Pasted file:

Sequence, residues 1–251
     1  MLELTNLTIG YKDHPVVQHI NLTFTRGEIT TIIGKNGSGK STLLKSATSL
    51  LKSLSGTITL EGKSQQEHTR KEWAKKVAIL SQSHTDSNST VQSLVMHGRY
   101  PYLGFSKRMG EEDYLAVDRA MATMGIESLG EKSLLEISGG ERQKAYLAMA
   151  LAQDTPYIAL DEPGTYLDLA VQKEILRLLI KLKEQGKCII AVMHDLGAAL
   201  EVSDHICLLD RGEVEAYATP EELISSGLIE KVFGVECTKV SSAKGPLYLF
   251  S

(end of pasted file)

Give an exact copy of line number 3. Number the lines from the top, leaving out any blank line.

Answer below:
    51  LKSLSGTITL EGKSQQEHTR KEWAKKVAIL SQSHTDSNST VQSLVMHGRY